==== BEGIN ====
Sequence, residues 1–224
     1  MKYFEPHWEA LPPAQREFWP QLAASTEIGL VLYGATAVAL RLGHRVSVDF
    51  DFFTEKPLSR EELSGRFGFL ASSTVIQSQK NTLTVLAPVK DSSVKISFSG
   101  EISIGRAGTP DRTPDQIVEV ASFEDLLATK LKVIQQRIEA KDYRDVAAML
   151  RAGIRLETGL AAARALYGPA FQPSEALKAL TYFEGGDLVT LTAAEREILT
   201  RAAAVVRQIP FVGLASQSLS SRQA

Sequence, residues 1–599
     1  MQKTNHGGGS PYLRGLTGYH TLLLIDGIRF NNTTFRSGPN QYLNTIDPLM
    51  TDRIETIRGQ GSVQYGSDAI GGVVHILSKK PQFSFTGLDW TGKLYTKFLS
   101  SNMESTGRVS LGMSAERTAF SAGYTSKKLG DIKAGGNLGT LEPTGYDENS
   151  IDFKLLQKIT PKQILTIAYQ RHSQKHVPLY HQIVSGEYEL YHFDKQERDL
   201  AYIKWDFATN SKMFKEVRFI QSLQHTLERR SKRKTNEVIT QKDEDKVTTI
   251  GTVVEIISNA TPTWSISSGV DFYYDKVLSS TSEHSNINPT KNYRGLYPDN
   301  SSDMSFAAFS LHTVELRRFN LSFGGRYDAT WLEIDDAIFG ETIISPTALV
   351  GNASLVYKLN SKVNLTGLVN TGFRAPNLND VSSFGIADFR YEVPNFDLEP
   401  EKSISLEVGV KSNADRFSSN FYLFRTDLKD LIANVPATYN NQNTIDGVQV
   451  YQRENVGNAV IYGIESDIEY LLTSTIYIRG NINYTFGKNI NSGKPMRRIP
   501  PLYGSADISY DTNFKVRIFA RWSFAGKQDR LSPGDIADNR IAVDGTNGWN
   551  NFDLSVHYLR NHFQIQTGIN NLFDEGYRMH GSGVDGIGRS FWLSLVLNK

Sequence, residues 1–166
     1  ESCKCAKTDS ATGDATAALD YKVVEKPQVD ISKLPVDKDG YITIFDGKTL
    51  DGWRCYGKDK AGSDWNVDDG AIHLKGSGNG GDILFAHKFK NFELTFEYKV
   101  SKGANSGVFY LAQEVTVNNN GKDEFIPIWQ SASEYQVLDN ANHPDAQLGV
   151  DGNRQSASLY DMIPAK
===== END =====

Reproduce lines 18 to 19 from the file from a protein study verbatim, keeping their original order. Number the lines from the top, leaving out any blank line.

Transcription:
   501  PLYGSADISY DTNFKVRIFA RWSFAGKQDR LSPGDIADNR IAVDGTNGWN
   551  NFDLSVHYLR NHFQIQTGIN NLFDEGYRMH GSGVDGIGRS FWLSLVLNK